'The Kid with a Bike' Review: Subtle Showcase for Father-Son Bond

'The Kid with a Bike' Review: Subtle Showcase for Father-Son Bond

There is something strangely appealing about the new film, “The Kid with a Bike.” Perhaps its appeal comes in part because the film’s name is as simplistic as its title character is complicated.

The boy with a bike is both fragile and tough. He’s an idealistic lad growing up in a harsh world. The film — arriving from Belgium — was nominated earlier this year for Best Foreign Language feature at the Golden Globes. Its title character is Cyril Catoul, played by newcomer Thomas Doret.

As the story begins, Cyril is living in a foster home when he learns his father — who previously lived nearby — has moved without telling him. That’s impossible, the boy reasons. He wouldn’t have left without giving his son back his bicycle. Even when faced with the undeniable reality that his father sold his son’s bike, Cyril doesn’t believe it.

It takes a while for the truth to sink in. And “Kid” is all about hard truths. At a young age, Cyril is faced with so many of them. He eventually befriends a young hairdresser named Samantha (Cecile De France). It’s strange when she takes an immediate liking to him, but it’s not hard to understand where she’s coming from. Cyril is a young boy whose innocence is displayed as he clings to his bicycle above everything else — the bicycle that Samantha buys back from a local teen who had purchased it from Cyril’s father, Guy.

Guy (Jeremie Renier) eventually comes back into the picture and is as destructive and cold as one could imagine. In a subtly tragic scene, Cyril tries to spend time with his Dad in the restaurant where his father works. Guy is prepping the meals in the kitchen and trying to get everything ready for the day’s opening, and he pushes Cyril away. But his son wants to stay. Cyril offers to stir the sauces and his father acquiesces for a few moments. But that’s all. In a simple scene like this, it’s easy to see Cyril’s desperation for a father figure on full display. He doesn’t care about going to an amusement park or seeing a museum or visiting a theater. He just wants to spend time with his Dad.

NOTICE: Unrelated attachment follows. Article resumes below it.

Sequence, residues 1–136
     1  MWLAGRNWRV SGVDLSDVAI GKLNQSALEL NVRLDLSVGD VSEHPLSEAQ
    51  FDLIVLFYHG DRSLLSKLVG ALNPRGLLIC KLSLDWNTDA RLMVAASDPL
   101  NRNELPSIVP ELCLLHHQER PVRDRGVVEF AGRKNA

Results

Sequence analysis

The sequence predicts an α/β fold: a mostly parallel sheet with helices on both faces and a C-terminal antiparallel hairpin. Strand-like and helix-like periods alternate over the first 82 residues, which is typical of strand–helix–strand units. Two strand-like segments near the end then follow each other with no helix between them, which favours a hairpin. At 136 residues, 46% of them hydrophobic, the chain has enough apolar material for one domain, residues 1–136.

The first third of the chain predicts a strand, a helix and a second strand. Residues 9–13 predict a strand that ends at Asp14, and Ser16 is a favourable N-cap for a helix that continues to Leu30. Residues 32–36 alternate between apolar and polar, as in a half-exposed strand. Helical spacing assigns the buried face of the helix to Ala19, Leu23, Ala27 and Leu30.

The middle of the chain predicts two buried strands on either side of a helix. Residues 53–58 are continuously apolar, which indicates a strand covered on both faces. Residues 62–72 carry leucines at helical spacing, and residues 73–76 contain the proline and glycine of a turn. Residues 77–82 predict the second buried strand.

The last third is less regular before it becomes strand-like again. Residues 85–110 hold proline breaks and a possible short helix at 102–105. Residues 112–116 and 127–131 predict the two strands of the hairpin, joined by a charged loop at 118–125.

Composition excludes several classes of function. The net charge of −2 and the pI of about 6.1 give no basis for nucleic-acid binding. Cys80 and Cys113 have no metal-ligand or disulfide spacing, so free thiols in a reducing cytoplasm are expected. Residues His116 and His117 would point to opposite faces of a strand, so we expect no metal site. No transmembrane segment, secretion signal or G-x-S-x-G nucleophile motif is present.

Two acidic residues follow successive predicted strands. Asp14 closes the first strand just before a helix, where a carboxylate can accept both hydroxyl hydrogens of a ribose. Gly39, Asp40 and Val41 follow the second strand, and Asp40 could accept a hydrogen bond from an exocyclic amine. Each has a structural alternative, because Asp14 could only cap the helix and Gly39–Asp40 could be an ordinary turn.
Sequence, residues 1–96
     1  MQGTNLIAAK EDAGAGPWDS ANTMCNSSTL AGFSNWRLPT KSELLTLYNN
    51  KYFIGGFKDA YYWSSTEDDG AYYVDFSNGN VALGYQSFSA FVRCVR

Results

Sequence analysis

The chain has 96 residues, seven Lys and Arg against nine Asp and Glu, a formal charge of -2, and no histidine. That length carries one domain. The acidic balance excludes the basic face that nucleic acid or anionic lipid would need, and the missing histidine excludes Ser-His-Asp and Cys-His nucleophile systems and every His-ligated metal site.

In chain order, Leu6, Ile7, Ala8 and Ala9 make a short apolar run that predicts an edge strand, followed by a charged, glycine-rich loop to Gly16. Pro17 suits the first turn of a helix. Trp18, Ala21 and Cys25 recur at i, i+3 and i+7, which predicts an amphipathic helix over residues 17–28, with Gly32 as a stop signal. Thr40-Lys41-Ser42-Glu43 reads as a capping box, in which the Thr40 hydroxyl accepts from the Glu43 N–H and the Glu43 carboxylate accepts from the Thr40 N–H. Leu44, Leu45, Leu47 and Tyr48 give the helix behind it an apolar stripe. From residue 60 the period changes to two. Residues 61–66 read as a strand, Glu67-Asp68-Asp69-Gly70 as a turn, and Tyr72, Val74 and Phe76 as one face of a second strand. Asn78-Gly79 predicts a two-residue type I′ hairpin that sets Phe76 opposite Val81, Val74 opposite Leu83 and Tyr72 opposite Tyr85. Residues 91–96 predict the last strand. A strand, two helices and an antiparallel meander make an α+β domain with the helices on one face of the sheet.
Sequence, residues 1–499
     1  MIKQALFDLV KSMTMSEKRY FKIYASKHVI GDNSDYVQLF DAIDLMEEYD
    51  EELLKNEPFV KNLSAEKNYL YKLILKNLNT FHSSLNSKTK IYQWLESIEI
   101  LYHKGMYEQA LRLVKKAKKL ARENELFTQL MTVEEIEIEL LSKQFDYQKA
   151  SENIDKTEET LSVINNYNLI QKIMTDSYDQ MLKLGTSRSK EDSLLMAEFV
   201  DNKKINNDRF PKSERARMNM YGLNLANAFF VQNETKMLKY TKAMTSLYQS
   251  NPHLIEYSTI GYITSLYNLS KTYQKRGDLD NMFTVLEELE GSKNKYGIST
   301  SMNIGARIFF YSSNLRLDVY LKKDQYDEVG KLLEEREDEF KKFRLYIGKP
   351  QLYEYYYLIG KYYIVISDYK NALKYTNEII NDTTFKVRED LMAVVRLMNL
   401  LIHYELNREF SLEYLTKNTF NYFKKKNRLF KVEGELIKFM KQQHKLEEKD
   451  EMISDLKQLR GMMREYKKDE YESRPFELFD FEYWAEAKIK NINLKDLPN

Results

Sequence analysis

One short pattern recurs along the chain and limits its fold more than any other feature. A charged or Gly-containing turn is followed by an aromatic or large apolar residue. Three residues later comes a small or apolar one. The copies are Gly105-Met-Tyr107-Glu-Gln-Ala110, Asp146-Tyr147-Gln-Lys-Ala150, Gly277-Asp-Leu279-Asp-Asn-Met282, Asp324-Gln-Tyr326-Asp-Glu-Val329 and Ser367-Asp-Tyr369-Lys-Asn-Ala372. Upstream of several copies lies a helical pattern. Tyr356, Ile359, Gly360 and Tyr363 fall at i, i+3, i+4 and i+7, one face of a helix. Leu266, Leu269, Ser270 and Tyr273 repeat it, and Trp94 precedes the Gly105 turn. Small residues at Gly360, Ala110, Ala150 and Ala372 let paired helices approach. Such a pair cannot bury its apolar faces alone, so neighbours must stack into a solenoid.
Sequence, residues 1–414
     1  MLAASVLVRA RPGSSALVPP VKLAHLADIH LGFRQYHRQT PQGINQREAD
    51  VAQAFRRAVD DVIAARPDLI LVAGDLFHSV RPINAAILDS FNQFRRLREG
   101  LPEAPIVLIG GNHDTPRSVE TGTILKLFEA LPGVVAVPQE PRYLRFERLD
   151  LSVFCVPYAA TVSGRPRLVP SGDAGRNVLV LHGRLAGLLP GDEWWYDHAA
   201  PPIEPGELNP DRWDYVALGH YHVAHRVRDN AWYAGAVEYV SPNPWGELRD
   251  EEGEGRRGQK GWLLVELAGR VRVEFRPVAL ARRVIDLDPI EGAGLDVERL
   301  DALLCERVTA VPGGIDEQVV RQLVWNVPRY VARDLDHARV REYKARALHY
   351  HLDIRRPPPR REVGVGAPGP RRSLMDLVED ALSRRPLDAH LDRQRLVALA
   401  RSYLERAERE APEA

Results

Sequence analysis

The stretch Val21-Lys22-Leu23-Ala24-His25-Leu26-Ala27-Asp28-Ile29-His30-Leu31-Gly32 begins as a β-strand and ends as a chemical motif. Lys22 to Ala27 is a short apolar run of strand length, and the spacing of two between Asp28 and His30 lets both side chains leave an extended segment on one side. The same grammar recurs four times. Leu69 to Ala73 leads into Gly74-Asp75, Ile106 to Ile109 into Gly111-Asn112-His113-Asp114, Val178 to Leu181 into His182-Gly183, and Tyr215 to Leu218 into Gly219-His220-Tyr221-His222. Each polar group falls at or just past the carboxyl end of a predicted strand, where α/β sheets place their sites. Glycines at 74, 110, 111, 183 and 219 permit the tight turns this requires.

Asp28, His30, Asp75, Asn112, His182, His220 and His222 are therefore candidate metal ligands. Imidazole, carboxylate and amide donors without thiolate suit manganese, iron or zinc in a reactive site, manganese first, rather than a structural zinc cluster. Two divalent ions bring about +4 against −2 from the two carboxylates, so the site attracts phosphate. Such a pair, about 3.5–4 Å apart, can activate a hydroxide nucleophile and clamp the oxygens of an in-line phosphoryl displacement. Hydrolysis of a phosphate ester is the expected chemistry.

If his father was a mechanic, Cyril would ask for a monkey wrench. If his father was a janitor, he would ask for a broom. But his father is a chef, so Cyril just asks for a spoon and his father is hesitant to even give that to him.

As the story continues, Cyril is faced with the reality that his father doesn’t want to spend time with him. With a rough exterior, the young boy eventually befriends a local thug, despite Samantha’s reservations. And the film succeeds in showing Cyril both as an innocent and as a criminal.

Cyril is complex. He can be cold. He can be menacing. He can be violent. To its great benefit, “The Kid with a Bike” doesn’t simply ask for our sympathies. It just asks for our understanding.

This weekend, “The Kid with a Bike” comes out in limited release against blockbuster hopefuls like “The Wrath of the Titans.”

Skip “Titans.” “Bike” is a better ride.